When two former boyhood friends reunite during one fateful summer in the Argentinean countryside the sexual tension runs as hot as the weather. “Hawaii” explores the tense feelings that these two men endure but unfortunately you could cut that same tension with a knife and still be unable to use the pieces to make an engaging story.
As Marco Berger’s debut as both a producer and a director, “Hawaii” is a tale of awkward silence and uncomfortable love.
The film starts slow with approximately ten minutes of soft music playing and few to no words spoken before the title fades into view. This sets the slow, sluggish pace of the film.
“Hawaii” focuses on Martin and Eugenio, two childhood friends who end up finding each other in the countryside. A homeless and struggling Martin comes across Eugenio on his summer home and ends up becoming employed by him for the summer.
This begins a strange business relationship that often crosses the line. More often than not, Eugenio asks Martin to hang out with him instead of working. They spend time in the pool, taking walks and shooting BB guns in the woods.
These two friends start to get comfortable within the friendship and on occasion end up dressing in front of each other and even using the bathroom without trying to get out of view. The glances both take at each other are noticeable and add to the tension that builds up between them.
“Hawaii” doesn’t give much except sexual tension throughout the entire movie. It relies too heavily on trying to hook the audience with it, instead of giving a compelling storyline.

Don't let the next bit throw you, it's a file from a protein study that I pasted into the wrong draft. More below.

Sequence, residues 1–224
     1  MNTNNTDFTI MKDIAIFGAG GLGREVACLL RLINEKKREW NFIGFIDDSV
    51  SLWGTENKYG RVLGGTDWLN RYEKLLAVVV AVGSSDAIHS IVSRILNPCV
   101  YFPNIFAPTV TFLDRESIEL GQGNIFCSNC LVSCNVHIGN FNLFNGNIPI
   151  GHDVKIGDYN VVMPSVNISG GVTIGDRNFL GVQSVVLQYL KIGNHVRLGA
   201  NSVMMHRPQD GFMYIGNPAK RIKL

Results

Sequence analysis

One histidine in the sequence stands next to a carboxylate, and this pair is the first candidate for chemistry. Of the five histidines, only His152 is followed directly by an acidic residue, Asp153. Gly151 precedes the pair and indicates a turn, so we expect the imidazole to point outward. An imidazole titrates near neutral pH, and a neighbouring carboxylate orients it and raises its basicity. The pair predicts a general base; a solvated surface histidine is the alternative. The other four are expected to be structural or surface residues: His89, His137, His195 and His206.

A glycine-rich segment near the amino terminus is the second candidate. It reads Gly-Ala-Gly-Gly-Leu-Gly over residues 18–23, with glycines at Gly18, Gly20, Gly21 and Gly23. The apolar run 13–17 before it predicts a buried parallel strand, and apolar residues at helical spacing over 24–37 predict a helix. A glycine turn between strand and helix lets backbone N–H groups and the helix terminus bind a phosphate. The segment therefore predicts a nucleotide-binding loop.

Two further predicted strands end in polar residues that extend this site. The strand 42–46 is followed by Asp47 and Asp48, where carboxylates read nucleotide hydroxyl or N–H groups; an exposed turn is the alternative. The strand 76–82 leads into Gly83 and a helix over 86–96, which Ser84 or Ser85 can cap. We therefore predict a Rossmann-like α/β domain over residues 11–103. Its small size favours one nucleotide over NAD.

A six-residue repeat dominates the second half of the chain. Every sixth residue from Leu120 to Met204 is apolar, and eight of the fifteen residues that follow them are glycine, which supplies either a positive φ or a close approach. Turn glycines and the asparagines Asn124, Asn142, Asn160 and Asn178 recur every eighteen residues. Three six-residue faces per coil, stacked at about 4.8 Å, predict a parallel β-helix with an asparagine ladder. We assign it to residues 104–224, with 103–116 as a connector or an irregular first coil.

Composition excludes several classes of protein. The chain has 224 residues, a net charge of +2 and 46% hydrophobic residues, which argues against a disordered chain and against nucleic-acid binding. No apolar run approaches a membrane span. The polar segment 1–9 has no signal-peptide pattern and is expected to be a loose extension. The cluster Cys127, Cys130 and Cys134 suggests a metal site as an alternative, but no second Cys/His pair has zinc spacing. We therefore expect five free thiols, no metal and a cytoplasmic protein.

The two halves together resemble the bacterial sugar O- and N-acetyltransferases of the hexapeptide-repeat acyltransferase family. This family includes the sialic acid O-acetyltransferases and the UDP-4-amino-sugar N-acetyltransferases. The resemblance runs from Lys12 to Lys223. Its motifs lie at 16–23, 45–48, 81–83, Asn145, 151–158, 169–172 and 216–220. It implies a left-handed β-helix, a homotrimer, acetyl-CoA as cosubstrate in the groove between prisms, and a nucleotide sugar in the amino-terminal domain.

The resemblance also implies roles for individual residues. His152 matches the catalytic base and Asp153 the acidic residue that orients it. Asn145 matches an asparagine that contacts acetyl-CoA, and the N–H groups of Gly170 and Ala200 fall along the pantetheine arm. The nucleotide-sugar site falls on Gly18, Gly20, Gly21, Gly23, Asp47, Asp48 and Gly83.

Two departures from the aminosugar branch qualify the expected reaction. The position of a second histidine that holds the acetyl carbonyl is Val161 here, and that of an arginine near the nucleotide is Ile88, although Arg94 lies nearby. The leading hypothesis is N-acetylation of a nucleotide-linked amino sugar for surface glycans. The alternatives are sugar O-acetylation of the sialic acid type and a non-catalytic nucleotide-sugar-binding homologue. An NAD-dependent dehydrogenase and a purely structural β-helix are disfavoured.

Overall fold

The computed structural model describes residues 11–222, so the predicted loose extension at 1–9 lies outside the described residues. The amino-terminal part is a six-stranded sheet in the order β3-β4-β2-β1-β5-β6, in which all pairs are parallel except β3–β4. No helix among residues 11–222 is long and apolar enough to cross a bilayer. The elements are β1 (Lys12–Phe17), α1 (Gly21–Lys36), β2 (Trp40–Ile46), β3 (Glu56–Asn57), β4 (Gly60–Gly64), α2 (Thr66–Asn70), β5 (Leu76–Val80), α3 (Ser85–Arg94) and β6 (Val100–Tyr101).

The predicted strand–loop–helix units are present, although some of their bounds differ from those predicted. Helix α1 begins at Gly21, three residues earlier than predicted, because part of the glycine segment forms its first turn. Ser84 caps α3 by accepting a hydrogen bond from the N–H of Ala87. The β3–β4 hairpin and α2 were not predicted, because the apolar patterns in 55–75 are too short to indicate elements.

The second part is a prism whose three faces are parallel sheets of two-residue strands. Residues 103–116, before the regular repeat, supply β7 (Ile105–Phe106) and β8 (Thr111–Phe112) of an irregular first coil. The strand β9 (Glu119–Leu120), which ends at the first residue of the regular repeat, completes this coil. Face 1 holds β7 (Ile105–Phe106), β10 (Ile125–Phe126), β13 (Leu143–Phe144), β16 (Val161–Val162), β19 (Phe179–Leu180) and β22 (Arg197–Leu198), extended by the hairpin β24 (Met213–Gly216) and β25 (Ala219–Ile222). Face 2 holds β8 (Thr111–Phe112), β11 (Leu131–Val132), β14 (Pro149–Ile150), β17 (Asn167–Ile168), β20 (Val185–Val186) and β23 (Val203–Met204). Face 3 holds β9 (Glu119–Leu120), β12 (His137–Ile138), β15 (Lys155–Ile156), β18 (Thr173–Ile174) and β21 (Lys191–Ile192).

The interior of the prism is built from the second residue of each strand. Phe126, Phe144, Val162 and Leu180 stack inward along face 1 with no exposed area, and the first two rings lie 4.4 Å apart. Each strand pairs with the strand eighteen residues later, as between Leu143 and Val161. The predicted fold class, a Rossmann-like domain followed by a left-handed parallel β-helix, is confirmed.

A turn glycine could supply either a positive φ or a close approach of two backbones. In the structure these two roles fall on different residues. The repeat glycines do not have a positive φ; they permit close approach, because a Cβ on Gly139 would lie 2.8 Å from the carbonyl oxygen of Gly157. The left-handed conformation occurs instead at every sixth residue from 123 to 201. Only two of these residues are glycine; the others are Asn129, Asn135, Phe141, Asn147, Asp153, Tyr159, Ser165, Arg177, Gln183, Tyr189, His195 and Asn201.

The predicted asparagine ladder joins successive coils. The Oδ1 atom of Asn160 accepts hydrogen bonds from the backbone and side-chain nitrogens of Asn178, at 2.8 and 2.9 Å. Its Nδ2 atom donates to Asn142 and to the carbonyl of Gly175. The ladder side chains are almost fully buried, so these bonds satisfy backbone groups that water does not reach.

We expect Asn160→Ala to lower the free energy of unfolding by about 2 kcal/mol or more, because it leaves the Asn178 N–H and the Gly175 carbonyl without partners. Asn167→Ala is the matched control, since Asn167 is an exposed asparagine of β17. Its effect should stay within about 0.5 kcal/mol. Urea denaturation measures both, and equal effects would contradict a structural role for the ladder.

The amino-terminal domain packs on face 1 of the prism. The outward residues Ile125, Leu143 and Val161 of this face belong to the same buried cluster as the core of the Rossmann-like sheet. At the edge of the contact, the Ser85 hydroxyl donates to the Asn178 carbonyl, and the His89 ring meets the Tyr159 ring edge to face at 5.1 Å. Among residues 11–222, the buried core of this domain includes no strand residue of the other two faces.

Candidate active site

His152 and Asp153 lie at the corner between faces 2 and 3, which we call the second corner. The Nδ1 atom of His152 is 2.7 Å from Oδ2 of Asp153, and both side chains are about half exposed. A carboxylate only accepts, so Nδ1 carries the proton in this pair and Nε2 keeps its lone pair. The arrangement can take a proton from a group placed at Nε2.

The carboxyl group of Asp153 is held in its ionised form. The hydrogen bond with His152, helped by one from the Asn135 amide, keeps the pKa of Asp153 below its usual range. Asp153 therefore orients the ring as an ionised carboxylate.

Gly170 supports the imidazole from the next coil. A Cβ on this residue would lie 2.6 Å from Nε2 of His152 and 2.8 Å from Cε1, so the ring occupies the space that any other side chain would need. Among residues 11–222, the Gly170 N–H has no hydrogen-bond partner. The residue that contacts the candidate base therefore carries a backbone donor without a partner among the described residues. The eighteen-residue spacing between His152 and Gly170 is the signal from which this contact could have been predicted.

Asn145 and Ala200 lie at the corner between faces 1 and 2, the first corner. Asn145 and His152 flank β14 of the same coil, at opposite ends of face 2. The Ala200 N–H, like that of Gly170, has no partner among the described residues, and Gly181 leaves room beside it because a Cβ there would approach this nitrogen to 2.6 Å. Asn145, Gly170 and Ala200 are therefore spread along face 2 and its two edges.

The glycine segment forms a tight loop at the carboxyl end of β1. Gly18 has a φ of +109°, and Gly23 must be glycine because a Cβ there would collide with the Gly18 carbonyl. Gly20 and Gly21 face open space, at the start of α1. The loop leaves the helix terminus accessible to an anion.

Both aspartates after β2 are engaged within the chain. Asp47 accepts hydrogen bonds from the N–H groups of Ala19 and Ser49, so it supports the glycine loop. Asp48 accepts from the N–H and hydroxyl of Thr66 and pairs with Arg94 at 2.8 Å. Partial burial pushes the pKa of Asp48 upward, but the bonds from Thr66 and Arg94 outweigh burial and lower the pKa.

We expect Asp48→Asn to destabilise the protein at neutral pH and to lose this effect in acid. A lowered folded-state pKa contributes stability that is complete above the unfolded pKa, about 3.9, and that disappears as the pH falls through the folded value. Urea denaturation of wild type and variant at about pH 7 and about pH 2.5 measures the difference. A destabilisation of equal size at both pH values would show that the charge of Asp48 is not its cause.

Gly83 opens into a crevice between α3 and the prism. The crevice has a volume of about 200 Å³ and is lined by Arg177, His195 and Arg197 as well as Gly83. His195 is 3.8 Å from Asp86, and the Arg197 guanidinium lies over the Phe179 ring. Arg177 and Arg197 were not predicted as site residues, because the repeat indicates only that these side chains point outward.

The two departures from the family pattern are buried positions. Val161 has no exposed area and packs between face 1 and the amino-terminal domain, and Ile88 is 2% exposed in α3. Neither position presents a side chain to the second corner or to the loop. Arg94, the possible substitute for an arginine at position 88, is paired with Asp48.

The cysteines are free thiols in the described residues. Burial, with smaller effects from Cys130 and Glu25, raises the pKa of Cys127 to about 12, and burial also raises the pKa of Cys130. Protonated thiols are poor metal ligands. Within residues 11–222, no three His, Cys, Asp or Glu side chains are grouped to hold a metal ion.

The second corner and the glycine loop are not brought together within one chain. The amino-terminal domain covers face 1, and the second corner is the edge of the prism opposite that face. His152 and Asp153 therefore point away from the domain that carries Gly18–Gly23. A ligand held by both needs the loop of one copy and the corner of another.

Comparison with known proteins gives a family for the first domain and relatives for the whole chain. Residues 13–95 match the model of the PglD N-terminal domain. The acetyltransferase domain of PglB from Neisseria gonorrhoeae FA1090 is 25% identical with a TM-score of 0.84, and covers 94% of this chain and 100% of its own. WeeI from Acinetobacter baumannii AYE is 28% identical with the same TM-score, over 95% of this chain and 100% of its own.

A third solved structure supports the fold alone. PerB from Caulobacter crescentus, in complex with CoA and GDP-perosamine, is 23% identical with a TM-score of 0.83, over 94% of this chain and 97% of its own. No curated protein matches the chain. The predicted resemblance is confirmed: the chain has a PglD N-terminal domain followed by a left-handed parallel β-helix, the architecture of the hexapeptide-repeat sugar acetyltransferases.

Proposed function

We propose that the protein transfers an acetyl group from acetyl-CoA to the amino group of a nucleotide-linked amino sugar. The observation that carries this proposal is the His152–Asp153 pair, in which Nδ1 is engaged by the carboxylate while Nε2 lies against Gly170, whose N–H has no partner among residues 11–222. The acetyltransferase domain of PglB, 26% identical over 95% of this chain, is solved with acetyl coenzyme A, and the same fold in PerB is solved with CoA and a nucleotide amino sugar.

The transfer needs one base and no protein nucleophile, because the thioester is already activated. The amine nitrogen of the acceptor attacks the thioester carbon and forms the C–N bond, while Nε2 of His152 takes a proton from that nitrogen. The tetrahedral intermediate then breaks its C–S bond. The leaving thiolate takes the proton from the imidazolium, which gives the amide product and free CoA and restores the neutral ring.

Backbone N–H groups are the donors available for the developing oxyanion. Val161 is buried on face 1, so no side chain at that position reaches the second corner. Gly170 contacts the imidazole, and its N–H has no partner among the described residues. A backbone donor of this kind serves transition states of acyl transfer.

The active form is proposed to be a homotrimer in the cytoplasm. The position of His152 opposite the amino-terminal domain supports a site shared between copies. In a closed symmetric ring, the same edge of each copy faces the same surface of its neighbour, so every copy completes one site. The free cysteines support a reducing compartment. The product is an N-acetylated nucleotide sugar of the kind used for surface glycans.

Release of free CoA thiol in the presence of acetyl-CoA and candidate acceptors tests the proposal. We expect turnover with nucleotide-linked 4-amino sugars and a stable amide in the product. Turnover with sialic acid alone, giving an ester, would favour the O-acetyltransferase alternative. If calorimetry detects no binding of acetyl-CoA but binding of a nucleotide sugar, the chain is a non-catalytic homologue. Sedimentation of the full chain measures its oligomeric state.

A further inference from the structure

It instead hopes that showing the two men shirtless and having various closeups on their budges will distract us from the missing pieces of the film.
The film is aimed at the LGBT crowd and rightfully so, but the appeal to wider audience may have been missed.
The Argentinian countryside is beautiful and provides a wonderful backdrop to the story. Martin and Eugenio are isolated from everyone else but each other. It makes their love seem more forbidden, secretive and seductive.
“Hawaii” is very one dimensional in terms of what it’s trying to be. It’s just a story about sexual attraction. There isn’t drama or comedy or any other elements thrown into it. You’re spoon-fed sexual tension and that’s all that is supposed to sustain you for 102 minutes.
With very few commendable qualities, “Hawaii” isn’t the titillating bromance it claims to be.
If you only watch this film for gratuitous shots of attractive men battling with their sexuality, you certainly wont care about all short-comings of the film.
For everyone else, “Hawaii” is certainly no trip to paradise.
“Hawaii” is presented in Spanish with English Subtitles and is set to be released on February 18th on DVD and VOD.